Some apps, though beyond-words useful, are just too niche for the developer to have any chance of winning a yelling match with the thunderous white noise of the internet.
That’s where the Mac App Store has helped the software economy. It facilitates the creation, marketing, and distribution of low-priced apps that we’d probably never see otherwise.
Today I’d like to raise a glass of ‘nog to the Mac App Store, as well as a few developers that’ve put some really great products there. Here are a handful of stocking-stuffer-priced apps that I use every week.
Moom is my favorite window manager. It lets you quickly resize and re-position windows anywhere on your screen. I use it nearly every day to get the most out of my 13” MacBook Air screen. It’s intuitive and fast. It’s also highly customizable for you fiddly types.
Caffeine, like its xanthine namesake, keeps your Mac from sleeping, only without side effects like rapid heart rate and diuresis. Very useful during presentations or any time you’re using your Mac but not touching the keys too often. I also use it when I’m running a remote desktop client; it prevents a sleep-induced connection loss.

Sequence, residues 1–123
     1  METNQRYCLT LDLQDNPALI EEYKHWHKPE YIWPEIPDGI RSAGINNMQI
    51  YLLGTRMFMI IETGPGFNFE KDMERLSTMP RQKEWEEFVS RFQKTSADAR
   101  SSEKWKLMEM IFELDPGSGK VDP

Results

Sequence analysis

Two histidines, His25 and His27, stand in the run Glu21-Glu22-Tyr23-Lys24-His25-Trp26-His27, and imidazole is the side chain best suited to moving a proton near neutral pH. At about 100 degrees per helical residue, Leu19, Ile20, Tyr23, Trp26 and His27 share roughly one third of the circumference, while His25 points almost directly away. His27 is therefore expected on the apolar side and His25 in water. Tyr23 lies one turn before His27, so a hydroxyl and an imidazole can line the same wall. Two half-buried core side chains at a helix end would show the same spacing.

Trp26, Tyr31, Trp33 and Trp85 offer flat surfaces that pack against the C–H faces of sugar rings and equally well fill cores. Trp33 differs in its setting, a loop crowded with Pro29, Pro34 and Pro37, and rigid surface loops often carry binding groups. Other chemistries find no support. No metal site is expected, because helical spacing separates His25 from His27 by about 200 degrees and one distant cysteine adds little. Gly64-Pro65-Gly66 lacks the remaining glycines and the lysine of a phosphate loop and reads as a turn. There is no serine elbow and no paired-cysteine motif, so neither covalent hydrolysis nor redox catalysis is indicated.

Byword is a beautifully designed plain text writing application that’s ideally suited for Markdown fans. Honestly I did not take to Byword immediately after downloading it earlier this year, but my use of it has really crescendoed the last few months. Now, I almost always end up in Byword when writing anything more than a couple of paragraphs.
Marked watches Markdown files and displays them in HTML. It’s the perfect companion for any plain text writing tool you use. If you’ve been reading PE for more than a few weeks, you know I’m a big fan of Marked.
ScreenFloat is a screenshot app with a super handy feature: It lets you “float” screenshots above other windows. In other words, you can keep your screenshot in the foreground at all times. I use it nearly every day to hover a grid card over my web browser so that I can enter coordinates without flipping between windows.